The Legal Aid Forum
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LAF Core Funding Support

IATI Identifier: RW-RGB-114-RGB-RGO-2013-XM-DAC-7-PPR-4000001817

Published on IATI
  • date_range Nov 01, 2018
  • autorenew Implementation (Status)

Equitable, functioning and accessible justice system is crucial to combating poverty, promoting good governance and the rule of law. It is a basic human right and an indispensable means towards conflict resolution. The right of access to justice guarantees victims of human rights violations an effective remedy. By strengthening access to justice, all other rights are strengthened and in turn this reinforces human rights and advances the promotion of actions that help alleviate poverty and support sustainable development. These are aspirations of the 2,030 agenda for sustainable development (SDGs), which Rwanda as a country is also trying to implement. LAF members believe that access to justice should not depend on wealth, education levels, religion or ethnicity. Therefore in order to realise the goal of equitable access to justice, it is essential to put in place mechanisms for the provision of legal aid services . Only in this way, can access to justice become accessible to those in need rather than remaining a prerogative of those who can afford procuring legal aid services. The environment within which legal aid is provided in Rwanda is characterized by a high population density with a large rural, semi-literate population. 12,089,721 million people live in an area of 26,338 square kilometres and 39.1% of the population lives below the poverty line. Rwanda has a small number of advocates in comparison to the population size and they are mainly concentrated in urban areas. There is currently one advocate for every 10,356 people in Rwanda [This is obtained based on the Rwandan population (12,427,297 according to www.countrymeters.info/en/Rwanda) and 1,200 advocates (according to the RBA data, 2015 cited in RBA strategic plan 2016-202]. Lawyers’ fees are prohibitively expensive for the majority of people and the urban bias of legal services result into additional expenses for those poor men and women who seek justice. Statistics show that 79.4% of the litigants are not represented in courts in Rwanda and this adversely affects the outcome of their cases. The recently concluded research by LAF on citizen’s feedback on justice and legal services revealed that issues of accessibility and availability of legal aid services still remain. Respondents reported that they spend approximately 264,073 RWF on a civil case and 219,498 RWF on a criminal case . On average, people have to wait for 454 days for a case to be resolved due heavy backlogs in the court system and even when resolved, they have to wait for 8 months for the decisions to be enforced. Only 38.5% respondents reported being satisfied with decisions of the Abunzi mediation committees and only 4% reported being knowledgeable about their legal rights. [ See survey on “Improving the Performance of the Criminal Justice System through Improved Pre-trial Justice: The Impact of Pre-trial Detention on Access to Justice in Rwanda”, 2013, LAF] Case backlogs appear to be somewhat endemic within Rwandan courts. The same study in 2013 highlighted a huge number of detainees who spend a long time in detention before trial mainly due to the problem of huge case backlog in courts. This situation is exacerbated by the continuing limited capacities for legal aid providers to reach out to all those in need of legal assistance. Experience shows that with the availability of simple legal advice, education and mediation most of these cases wouldn’t end up in courts. The Government of Rwanda has introduced different initiatives to improve access to justice and legal aid for the people such as Abunzi system and Maison d’Accès à la Justice-MAJ (Justice Offices at district level). All these initiatives are commendable. However, these schemes still face a lot of challenges including limited knowledge/skills and outreach capacities. Particularly, for MAJ there are only three legal officers in a district and they can’t in any way satisfy the needs of the population with regard to their legal problems. The State of the Netherlands has made this three year contribution to the Core funding of the Legal Aid Forum from November 2018 up to December 2021. In addition to supporting the running costs of LAF, the contribution is also supporting the Legal Aid Civil Society Fund (LACSF). This is an initiative of the forum to make grants to its member organizations. Members of the forum (38) are allowed to submit their proposals that are assessed by an Independent Selection and Monitoring Committee (ISMC). The selected projects are funded for a period of 12 months or less. The grants will be made in three (3) rounds i.e. 2019, 2020 and 2021. LAF is performing well in this project and remains optimistic that combined efforts will lead to an interesting step toward the realization of our country's agenda.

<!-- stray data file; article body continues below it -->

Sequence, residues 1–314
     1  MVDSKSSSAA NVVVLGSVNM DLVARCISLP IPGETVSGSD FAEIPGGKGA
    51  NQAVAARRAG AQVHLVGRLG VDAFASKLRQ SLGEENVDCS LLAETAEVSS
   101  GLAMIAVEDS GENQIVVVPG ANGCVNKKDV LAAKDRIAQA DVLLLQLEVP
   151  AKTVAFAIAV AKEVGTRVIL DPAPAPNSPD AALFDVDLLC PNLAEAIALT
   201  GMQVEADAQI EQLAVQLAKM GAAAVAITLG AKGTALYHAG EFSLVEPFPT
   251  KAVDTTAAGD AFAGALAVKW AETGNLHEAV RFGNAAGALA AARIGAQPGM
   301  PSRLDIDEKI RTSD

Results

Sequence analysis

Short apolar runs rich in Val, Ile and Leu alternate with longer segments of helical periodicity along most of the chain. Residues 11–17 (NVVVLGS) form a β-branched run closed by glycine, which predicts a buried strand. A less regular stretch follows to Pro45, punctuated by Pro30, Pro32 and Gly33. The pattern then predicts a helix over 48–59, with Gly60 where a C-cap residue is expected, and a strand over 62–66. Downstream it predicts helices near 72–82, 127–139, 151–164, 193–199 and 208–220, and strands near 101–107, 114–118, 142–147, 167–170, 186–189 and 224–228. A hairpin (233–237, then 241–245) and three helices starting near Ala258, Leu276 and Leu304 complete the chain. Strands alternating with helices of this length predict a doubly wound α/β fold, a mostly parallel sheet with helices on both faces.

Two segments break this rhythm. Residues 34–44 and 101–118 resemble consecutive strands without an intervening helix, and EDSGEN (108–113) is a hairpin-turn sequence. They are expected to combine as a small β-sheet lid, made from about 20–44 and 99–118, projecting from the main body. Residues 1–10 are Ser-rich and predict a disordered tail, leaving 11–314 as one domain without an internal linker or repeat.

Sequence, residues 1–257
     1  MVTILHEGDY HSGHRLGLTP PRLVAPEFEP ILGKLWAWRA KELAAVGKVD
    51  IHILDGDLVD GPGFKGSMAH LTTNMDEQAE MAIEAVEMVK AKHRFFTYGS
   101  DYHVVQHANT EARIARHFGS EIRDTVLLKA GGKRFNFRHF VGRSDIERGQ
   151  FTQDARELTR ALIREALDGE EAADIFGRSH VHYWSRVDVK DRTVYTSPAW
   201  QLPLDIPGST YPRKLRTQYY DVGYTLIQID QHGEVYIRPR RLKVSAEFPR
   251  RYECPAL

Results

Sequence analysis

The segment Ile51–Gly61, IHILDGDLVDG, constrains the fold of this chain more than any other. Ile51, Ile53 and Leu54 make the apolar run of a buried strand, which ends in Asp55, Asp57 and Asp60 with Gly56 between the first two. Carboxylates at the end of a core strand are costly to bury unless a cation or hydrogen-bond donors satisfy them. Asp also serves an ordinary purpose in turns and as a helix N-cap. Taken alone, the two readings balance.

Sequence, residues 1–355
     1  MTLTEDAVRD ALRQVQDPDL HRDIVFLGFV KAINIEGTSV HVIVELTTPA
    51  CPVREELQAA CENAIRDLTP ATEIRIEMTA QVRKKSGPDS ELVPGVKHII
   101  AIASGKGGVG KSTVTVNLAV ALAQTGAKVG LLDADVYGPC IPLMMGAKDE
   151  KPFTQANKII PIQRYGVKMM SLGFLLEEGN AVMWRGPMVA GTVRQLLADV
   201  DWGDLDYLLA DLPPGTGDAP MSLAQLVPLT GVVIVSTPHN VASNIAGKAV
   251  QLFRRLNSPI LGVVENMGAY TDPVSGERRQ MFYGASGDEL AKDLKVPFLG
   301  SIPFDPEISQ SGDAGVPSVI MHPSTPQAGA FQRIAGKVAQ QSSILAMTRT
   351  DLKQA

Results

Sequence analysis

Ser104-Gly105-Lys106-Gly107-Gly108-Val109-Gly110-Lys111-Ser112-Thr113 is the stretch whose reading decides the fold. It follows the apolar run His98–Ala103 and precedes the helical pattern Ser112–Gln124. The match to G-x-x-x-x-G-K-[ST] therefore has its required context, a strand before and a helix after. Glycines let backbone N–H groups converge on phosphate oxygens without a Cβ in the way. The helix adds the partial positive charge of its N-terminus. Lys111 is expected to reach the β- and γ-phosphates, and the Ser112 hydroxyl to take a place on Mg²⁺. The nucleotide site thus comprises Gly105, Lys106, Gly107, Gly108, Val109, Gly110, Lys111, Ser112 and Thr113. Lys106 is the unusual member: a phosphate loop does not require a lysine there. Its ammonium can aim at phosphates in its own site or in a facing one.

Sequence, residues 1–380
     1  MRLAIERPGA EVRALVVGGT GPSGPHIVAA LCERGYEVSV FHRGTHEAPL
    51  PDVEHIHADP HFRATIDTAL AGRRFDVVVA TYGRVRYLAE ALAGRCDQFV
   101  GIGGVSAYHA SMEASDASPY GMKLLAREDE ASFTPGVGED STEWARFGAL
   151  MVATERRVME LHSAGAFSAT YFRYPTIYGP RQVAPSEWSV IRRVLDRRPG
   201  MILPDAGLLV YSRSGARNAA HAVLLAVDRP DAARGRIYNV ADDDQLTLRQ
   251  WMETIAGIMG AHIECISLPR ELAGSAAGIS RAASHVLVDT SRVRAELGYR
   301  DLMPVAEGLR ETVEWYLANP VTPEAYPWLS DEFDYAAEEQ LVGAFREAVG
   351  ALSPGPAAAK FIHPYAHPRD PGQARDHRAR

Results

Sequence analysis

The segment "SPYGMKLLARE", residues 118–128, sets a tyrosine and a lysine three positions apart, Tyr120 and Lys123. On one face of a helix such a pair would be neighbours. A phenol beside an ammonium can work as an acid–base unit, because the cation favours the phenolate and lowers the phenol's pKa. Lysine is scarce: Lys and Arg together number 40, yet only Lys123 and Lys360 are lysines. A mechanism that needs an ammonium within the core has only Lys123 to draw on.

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Participating Organisations

Netherlands - Ministry of Foreign Affairs Government Funding
The Legal Aid Forum National NGO Accountable

Transaction

Transaction Value Provider
Receiver
Type Date
590,000,000 RWF Provider N/A Receiver N/A Disbursement
date_range Aug 23, 2019
680,000,000 RWF Provider N/A Receiver N/A Disbursement
date_range Nov 26, 2018

Budget

2,009,944 USD
  • 1,093,494,323 RWF (Valued at Nov 01, 2018)
    date_range Jan 01, 2019 - Dec 31, 2019
  • 678,698,322 RWF (Valued at Jan 01, 2019)
    date_range Jan 01, 2019 - Dec 31, 2019
access_time Updated on Mar 31, 2020 10:00:12